Staying at home in these four walls is stressful too. I read Anne Frank’s diary when I was young. She lived for two years in 450 square feet with 7 other people. She was given a diary for her 13th birthday (two weeks before they went into hiding.) They did eventually get discovered and she and her little sister died of typhus fever in the Bergen Belsen concentration camp. But her diary survived. It is an amazing record of her determination to stay hopeful, positive, and to make the most of every day.
               When I get stressed because I have to stay home and away from others, and when I can’t get the food that I need, I am aware of how privileged I really am and how I take things for granted. I am aware that what we are experiencing is not unusual in our world. People have survived these kinds of challenges. I used to think that I knew what that Philippians  passage meant. I didn’t. Even now I know that this will end. We can get through this inconvenience. We can step up to protect our health, our families’ health, our neighborhood’s health.

               “I can do all things through God who strengthens me.”
Pastor Brenda

I am not sure who wrote this prayer but it touched me this morning as I meditated on what God might be teaching me this day.
~~ Pastor Brenda

“Prayer in a Pandemic”    (From Mayfield First United Methodist Church)
            May we who are merely unconvinced remember those whose lives are at stake.
            May we who have no risk factors remember those most vulnerable.
            May we who have the luxury of working from home, remember those who must
                        choose between preserving their health or making the rent.
            May we who have the flexibility to care for our children when their schools close,
                        remember those who have no options.
            May we who have to cancel our trips remember those that have no safe place to go.
            May we who are losing our margin money, remember those who have no
                        margin at all.
            May we who settle in for a quarantine at home, remember those who have no home.
            As fear grips our country, may we choose love.
            During this time when we cannot wrap our arms around each other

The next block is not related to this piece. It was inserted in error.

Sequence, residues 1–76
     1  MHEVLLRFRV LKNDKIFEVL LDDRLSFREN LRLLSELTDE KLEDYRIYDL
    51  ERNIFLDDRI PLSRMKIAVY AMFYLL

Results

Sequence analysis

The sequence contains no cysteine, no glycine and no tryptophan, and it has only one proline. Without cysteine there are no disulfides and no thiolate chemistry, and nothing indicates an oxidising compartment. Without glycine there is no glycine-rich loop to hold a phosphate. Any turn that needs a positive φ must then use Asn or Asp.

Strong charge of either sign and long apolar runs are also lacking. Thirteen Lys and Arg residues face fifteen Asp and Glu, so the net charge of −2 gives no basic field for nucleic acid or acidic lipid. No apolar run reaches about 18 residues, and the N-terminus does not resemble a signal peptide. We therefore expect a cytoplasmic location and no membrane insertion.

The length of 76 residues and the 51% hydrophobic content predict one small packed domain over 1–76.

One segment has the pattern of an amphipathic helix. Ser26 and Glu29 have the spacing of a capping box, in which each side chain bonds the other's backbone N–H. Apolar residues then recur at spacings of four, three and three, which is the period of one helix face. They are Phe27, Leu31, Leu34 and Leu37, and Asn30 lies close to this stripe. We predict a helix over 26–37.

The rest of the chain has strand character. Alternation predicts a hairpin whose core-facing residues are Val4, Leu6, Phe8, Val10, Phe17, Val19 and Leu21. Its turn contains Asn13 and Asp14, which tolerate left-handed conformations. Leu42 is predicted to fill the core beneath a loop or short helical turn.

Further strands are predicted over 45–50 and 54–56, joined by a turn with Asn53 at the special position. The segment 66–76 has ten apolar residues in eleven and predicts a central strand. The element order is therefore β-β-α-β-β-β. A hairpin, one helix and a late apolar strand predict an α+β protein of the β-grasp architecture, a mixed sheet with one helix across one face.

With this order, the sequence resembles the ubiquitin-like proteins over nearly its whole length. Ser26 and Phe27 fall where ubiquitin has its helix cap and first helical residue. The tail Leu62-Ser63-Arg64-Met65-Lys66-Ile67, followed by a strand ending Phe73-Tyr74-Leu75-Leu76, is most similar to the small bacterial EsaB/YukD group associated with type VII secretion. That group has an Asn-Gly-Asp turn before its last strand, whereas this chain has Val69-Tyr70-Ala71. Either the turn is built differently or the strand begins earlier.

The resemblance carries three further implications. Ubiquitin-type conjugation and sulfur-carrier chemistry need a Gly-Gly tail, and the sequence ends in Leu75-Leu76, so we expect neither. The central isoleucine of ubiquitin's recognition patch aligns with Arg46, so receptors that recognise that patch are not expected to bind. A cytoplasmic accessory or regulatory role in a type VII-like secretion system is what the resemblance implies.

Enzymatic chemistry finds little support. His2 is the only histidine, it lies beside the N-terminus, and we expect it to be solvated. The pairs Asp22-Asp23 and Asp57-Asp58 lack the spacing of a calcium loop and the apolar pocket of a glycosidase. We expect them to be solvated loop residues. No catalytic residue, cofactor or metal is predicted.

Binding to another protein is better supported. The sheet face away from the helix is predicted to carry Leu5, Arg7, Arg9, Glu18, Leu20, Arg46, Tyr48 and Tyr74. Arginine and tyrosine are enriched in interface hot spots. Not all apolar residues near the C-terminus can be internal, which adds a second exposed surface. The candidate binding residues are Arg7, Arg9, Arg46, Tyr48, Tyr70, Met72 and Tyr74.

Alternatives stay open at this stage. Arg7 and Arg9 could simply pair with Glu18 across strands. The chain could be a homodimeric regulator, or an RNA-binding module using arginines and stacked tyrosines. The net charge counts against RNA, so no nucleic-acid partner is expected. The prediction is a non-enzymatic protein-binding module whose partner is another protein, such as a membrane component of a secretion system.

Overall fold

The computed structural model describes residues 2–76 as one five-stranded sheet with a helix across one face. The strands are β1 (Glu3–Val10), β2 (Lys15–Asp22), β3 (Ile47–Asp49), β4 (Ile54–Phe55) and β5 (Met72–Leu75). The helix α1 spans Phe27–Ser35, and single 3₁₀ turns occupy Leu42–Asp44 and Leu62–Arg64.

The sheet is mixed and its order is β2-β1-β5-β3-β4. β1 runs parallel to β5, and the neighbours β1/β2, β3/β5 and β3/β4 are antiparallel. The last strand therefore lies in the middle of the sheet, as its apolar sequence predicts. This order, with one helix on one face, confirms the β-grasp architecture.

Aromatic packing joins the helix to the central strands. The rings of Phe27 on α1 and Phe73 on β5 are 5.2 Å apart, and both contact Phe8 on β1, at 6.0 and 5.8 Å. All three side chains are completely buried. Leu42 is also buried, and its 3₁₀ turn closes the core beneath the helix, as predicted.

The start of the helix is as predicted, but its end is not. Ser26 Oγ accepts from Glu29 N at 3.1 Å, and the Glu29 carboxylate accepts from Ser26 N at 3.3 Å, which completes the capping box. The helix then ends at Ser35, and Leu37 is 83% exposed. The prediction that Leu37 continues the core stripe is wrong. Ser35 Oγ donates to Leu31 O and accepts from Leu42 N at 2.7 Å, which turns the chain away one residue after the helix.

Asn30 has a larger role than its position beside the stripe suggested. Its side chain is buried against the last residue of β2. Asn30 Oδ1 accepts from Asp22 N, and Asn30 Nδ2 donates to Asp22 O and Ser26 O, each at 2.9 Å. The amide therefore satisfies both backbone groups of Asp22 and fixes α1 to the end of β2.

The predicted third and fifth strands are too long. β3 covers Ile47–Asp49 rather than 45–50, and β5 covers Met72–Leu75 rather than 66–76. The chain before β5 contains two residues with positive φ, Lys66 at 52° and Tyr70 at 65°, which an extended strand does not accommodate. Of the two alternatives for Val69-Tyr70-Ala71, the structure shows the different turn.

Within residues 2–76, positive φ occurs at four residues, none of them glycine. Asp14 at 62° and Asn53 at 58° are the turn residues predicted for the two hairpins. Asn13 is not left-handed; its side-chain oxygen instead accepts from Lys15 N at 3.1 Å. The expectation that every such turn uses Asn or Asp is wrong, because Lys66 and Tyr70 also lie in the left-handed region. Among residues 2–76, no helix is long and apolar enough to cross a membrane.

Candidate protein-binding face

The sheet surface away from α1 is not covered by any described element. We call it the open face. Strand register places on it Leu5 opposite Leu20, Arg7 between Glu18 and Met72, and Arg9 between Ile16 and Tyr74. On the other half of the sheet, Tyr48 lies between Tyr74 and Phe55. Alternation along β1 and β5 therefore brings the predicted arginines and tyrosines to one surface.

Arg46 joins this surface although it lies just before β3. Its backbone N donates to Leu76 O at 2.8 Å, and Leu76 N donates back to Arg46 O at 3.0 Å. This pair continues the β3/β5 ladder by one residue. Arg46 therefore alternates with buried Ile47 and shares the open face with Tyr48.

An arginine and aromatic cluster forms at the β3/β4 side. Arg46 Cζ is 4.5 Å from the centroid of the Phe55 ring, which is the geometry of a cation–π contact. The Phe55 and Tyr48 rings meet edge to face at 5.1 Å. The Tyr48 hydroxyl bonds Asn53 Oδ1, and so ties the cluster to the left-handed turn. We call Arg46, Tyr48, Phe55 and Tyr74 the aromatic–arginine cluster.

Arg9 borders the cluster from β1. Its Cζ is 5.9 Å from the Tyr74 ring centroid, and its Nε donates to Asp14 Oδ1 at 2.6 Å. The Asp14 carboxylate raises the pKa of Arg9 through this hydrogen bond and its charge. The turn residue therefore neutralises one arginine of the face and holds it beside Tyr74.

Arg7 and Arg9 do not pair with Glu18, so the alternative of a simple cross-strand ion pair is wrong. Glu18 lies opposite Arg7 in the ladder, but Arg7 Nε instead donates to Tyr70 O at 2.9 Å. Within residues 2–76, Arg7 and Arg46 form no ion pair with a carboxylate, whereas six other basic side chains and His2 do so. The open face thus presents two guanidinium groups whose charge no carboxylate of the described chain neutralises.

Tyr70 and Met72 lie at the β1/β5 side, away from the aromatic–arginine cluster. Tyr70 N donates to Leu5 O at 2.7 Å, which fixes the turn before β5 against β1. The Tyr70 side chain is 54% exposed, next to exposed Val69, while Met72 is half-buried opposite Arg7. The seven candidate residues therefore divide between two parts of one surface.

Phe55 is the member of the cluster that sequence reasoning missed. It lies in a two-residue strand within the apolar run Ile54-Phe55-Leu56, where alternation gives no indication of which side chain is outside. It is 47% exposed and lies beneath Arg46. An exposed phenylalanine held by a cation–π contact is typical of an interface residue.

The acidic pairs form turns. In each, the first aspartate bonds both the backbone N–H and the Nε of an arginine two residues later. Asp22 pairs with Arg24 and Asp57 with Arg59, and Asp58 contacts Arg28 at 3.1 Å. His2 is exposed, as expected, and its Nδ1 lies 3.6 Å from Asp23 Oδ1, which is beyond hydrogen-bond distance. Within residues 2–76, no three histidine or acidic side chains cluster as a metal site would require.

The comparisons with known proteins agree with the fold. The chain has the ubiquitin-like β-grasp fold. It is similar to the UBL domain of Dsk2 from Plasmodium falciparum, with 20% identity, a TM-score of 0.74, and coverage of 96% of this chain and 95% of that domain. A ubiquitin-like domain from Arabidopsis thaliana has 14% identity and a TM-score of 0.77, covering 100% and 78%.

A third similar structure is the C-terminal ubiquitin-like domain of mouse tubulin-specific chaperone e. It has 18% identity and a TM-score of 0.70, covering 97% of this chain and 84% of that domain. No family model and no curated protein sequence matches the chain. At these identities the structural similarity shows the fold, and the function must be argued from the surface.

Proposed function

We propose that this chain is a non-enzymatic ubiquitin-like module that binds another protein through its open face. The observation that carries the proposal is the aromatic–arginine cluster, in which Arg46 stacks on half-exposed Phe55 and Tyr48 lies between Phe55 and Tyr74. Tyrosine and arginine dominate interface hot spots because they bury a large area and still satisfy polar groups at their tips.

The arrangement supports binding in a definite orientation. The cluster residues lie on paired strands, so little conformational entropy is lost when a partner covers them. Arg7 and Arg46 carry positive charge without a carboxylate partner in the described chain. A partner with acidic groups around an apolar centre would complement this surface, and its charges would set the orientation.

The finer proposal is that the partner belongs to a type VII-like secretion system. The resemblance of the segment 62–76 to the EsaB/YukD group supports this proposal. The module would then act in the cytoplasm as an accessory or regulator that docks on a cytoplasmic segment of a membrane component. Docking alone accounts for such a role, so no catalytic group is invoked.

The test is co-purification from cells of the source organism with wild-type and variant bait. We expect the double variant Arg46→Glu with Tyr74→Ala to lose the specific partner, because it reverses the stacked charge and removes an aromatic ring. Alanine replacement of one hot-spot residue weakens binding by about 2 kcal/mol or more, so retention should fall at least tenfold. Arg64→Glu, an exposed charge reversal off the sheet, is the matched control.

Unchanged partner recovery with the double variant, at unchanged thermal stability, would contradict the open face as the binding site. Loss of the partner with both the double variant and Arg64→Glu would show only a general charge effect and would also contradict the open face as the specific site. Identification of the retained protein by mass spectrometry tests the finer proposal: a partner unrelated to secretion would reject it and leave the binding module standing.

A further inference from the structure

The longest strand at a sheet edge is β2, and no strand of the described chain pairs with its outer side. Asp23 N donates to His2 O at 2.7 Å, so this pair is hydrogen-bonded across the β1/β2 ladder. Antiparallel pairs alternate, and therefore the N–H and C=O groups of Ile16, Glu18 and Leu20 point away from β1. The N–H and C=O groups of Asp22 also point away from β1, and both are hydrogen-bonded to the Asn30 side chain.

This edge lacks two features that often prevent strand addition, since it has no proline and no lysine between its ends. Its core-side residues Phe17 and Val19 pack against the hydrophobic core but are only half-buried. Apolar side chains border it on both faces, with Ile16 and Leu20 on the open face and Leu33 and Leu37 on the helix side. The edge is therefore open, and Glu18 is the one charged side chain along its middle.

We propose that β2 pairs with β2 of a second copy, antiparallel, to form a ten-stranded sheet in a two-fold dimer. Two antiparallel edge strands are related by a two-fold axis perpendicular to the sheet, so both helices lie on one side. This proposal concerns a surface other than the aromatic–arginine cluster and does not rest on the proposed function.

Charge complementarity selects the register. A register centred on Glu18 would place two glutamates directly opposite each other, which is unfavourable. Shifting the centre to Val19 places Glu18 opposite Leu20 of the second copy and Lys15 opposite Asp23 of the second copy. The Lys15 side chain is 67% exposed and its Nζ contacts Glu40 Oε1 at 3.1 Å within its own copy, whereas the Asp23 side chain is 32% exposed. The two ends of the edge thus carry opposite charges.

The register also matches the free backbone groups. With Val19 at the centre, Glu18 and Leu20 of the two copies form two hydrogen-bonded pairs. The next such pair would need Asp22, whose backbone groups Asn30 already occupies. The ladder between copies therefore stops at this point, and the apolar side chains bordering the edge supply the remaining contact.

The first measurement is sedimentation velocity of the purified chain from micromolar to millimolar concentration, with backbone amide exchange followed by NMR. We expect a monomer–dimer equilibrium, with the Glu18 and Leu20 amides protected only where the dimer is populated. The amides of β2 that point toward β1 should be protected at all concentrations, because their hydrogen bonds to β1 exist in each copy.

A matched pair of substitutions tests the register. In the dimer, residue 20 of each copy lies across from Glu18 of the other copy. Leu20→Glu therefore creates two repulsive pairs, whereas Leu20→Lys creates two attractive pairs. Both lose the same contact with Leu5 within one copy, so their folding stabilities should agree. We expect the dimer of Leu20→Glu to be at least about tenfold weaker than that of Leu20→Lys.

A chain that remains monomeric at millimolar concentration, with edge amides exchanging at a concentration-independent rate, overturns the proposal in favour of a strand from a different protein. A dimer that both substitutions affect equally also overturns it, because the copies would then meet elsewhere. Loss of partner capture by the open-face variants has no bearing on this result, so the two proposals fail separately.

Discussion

Find ways to be the loving embrace of God to our neighbors.

March 13, 2020
Letter to all Members and Friends of Point Pleasant Community Baptist Church:

Out of an abundance of caution and a commitment to help our community, I am cancelling all worship and activities of Point Pleasant Community Baptist Church for the next two weeks. At that time, we will reassess. There is no harm in being cautious. This is a way that we can participate in fighting this virus and not overwhelm our medical professionals and emergency services. Your health is very important to all of us. While some of you would risk your own health, I am not willing to risk everyone else’s health.

I live in Montgomery County. We were locked down yesterday by the Governor. He doesn’t even want us to leave the county. Out of the 22 cases in Pennsylvania, Montgomery County has 13 of them and the news keeps coming in. Now a police officer, a local doctor, and an EMT have all tested positive, at least one of whom is in intensive care.

This was not an easy decision to make. I suggest that you use this time in individual Bible Study, prayer, and meditation. I learned how to use my time well when I was a shut-in taking care of my husband. It wasn’t easy. It wasn’t convenient. But it’s a gift to slow down and think.

You are responsible for your own health, so take this seriously and stay safe.

I will be working from home, so feel free to text, call, or e-mail me during these two weeks.

Love and Prayers,
Pastor Brenda